Julia Roberts leads a surprisingly crisp and juicy take on Snow White in Mirror, Mirror.
WARNING: MAY CONTAIN THE SPOILERIEST SPOILERS OF THEM ALL!
In an unnamed Kingdom, Queen Clementianna (Julia Roberts) rules alone since her husband the King vanished in the forest. The entire time, she’s kept her stepdaughter Snow White (Lily Collins) sequestered in a tower to the point where the populace believes Snow to be an invalid and a shut-in. The Queen has taxed the populace to the point of starvation, and her appetite for spectacle has bankrupted the Kingdom. When the dashing Prince Alcott (Arnie Hammer) pays a visit, the Queen intends to marry him to end her financial woes. However, the Prince falls in love with Snow White, so the Queen has her sent into the forest to be eliminated. Snow is rescued by a band of diminutive bandits who help her fight back against the Queen and reclaim the Kingdom.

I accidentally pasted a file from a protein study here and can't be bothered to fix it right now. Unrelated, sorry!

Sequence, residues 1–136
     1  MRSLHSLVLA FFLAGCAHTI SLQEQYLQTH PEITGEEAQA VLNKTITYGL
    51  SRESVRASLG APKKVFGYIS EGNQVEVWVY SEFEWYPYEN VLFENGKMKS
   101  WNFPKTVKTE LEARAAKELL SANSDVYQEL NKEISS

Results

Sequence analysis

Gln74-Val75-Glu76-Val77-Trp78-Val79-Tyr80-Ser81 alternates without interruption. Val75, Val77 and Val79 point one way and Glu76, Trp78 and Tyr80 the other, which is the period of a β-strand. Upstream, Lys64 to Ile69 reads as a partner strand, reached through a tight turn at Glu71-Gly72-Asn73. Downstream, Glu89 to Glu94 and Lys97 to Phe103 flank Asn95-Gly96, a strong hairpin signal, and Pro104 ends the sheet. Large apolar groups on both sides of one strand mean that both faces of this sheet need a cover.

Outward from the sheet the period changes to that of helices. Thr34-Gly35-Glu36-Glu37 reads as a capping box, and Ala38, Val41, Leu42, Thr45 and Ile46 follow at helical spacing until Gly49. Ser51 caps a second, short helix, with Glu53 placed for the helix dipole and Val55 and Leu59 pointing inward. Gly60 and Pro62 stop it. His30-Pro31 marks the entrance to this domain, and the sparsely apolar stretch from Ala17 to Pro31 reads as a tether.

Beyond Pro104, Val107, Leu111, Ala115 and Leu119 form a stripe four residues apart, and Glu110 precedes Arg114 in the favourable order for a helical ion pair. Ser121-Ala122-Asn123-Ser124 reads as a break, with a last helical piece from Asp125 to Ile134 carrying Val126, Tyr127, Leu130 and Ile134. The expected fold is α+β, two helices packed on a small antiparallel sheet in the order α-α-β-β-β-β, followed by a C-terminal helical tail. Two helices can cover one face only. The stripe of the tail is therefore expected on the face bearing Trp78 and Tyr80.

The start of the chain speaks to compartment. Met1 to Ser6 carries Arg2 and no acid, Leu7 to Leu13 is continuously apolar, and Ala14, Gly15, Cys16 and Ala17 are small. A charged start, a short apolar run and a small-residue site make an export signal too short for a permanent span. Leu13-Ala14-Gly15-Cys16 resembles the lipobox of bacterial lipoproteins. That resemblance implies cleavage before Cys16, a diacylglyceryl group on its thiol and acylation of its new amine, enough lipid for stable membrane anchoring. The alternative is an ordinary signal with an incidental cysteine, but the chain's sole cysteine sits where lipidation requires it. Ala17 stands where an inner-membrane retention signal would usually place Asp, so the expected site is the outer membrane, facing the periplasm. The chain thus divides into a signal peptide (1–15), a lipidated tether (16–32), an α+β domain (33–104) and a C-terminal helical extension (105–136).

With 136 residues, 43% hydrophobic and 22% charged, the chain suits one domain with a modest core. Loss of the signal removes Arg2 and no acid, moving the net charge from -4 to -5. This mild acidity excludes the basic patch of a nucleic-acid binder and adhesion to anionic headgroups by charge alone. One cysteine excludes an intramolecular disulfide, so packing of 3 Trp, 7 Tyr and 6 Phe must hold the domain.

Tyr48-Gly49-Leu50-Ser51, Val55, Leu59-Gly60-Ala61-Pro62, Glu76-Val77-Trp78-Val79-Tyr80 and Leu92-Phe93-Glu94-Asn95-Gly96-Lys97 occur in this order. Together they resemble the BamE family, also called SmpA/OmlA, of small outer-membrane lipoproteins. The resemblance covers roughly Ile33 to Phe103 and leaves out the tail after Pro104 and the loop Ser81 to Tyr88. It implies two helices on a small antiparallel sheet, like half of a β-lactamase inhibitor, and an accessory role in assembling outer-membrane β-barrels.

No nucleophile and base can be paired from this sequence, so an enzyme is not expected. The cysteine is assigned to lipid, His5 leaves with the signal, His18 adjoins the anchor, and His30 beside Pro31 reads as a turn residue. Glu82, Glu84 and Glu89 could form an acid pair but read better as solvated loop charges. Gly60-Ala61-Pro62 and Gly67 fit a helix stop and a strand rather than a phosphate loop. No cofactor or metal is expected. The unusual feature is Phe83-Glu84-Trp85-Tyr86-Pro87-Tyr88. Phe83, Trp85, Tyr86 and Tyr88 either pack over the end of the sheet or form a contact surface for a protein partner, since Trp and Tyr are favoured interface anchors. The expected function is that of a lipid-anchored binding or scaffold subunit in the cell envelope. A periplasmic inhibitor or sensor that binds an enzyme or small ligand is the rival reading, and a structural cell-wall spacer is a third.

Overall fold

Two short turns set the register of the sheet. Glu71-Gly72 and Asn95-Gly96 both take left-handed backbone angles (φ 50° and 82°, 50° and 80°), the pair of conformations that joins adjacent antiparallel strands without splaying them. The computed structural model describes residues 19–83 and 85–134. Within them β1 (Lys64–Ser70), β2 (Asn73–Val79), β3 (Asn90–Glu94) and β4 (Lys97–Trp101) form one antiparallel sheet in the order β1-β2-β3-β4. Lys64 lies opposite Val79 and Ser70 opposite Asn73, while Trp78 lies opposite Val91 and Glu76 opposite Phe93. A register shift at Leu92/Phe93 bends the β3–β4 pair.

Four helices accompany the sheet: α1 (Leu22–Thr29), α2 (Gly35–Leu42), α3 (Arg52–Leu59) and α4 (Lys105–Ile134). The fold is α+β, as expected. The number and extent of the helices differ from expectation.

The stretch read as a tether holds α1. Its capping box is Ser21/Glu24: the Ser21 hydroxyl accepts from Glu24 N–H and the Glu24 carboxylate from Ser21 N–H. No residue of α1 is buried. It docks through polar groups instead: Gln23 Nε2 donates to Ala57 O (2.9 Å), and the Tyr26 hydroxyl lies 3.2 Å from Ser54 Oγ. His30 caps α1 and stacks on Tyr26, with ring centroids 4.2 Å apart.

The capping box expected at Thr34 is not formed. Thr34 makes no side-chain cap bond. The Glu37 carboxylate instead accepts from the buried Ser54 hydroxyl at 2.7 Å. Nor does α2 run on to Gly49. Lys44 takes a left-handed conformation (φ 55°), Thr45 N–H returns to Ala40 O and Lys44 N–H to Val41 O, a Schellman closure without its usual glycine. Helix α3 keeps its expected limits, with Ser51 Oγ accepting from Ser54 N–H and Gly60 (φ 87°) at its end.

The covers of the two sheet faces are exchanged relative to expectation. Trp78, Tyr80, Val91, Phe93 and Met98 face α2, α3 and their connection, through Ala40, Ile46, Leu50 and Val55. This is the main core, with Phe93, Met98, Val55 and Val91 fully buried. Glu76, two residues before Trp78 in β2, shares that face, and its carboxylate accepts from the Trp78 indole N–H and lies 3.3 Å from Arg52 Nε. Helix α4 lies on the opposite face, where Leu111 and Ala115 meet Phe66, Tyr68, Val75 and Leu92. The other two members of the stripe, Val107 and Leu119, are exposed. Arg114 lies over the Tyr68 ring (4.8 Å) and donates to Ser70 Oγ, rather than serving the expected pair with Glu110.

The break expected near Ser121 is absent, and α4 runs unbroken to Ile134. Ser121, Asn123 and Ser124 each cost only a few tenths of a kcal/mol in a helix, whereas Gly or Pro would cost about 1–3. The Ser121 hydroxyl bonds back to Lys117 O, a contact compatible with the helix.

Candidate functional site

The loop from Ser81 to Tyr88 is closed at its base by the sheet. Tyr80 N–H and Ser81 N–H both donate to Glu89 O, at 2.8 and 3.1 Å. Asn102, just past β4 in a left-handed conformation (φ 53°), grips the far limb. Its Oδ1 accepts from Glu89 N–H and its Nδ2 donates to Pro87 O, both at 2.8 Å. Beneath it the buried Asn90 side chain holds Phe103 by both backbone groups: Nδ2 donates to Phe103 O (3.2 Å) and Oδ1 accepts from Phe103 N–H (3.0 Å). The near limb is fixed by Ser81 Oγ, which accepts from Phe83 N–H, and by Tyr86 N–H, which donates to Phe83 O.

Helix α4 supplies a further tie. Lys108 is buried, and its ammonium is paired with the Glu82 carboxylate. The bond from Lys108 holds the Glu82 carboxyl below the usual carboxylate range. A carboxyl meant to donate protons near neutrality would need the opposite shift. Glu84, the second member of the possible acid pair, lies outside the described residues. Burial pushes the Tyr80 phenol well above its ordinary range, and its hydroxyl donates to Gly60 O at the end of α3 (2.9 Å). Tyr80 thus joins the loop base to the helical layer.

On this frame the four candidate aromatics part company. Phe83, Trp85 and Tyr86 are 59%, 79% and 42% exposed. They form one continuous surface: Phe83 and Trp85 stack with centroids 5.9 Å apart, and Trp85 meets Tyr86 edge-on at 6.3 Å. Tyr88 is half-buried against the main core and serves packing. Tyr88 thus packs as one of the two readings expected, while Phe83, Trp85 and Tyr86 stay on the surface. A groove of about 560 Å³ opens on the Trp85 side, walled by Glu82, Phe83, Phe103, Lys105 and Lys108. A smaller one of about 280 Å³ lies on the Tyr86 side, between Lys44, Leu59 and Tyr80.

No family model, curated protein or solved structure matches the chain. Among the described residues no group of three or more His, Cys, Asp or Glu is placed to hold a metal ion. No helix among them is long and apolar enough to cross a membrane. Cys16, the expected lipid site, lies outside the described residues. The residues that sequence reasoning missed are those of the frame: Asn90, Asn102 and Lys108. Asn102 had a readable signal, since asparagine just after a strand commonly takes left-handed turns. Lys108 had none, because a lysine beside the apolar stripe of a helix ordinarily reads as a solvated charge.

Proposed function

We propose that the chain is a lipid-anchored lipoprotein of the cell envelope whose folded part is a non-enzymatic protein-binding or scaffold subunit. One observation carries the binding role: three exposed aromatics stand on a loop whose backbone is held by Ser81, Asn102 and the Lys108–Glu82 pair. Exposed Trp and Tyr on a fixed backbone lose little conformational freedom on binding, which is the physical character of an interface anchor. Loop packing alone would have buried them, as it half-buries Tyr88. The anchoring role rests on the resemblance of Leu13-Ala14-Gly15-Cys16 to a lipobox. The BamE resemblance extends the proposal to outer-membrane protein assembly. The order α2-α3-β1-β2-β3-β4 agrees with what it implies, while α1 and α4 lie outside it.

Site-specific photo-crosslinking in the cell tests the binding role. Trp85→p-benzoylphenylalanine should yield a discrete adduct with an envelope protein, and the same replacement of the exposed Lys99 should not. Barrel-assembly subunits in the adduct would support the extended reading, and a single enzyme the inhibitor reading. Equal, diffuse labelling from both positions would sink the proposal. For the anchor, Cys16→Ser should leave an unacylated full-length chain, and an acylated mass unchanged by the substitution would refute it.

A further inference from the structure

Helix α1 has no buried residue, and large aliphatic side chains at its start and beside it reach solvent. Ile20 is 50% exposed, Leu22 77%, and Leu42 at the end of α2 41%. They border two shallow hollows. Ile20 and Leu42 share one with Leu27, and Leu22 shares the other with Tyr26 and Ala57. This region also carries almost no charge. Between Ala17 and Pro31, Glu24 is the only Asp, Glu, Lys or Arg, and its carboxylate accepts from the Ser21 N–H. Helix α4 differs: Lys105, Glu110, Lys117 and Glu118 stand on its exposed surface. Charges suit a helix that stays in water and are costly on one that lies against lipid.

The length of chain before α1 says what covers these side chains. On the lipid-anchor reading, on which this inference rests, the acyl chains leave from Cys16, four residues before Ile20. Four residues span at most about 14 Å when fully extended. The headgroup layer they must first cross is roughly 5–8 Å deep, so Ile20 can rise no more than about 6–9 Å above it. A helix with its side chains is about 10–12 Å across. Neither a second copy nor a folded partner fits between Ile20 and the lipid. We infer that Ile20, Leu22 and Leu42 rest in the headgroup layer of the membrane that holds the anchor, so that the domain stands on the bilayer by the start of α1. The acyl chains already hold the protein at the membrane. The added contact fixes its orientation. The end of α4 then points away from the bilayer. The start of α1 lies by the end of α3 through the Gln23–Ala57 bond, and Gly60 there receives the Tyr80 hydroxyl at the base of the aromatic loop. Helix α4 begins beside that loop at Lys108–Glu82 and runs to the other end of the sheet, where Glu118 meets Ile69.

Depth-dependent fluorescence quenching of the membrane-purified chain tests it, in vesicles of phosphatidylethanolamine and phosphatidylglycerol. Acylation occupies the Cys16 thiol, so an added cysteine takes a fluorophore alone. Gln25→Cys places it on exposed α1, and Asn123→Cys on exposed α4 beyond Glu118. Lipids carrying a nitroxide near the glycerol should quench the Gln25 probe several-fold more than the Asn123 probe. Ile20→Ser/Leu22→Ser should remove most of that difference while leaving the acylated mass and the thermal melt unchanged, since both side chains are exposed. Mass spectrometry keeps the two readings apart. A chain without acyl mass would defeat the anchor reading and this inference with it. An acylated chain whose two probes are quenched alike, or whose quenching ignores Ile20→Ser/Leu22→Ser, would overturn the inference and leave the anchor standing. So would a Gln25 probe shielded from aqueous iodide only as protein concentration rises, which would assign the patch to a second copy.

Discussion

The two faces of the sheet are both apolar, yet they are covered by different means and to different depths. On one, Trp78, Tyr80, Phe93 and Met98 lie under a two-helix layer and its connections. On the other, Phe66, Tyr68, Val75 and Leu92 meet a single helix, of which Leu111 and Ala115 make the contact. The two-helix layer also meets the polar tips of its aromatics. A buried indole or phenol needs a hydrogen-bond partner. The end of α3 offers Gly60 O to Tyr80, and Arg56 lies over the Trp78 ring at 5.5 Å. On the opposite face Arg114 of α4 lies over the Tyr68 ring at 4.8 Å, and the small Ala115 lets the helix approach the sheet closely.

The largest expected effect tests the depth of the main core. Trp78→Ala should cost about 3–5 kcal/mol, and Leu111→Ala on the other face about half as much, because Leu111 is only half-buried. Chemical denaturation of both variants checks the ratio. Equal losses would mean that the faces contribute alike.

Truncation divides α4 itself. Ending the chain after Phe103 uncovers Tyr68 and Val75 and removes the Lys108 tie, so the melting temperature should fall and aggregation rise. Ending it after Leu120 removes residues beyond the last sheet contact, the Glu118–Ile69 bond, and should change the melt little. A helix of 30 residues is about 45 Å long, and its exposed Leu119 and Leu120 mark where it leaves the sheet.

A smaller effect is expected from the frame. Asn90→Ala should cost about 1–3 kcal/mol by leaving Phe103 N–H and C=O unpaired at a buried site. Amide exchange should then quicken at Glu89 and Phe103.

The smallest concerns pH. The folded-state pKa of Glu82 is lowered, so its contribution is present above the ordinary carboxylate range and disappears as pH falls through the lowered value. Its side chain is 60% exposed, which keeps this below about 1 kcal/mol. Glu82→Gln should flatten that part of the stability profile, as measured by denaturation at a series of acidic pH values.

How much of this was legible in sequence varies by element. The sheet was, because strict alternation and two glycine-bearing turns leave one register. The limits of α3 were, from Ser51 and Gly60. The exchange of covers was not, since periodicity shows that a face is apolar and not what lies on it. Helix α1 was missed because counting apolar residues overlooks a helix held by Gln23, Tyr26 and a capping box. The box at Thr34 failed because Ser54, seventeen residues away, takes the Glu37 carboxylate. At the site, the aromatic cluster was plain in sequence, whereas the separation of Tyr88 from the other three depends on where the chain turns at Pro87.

Mirror, Mirror is the first of two Snow White modernizations being released in 2012, beating the much more serious Snow White and the Huntsman by two months. Interestingly enough, Lily Collins initially auditioned for Huntsman, losing out to Kristen Stewart. Sam Claflin, who plays the Prince in Huntsman, auditioned for Mirror, losing the role to Arnie Hammer. However, aside from these odd casting coincidences and a basis in Grimm’s Fairy Tales, the films couldn’t be more different. Mirror, Mirror is a surprisingly effective, family-friendly take on the classic tale that manages to be both modern and classic, with brilliant visuals buoyed by a skilled, game cast.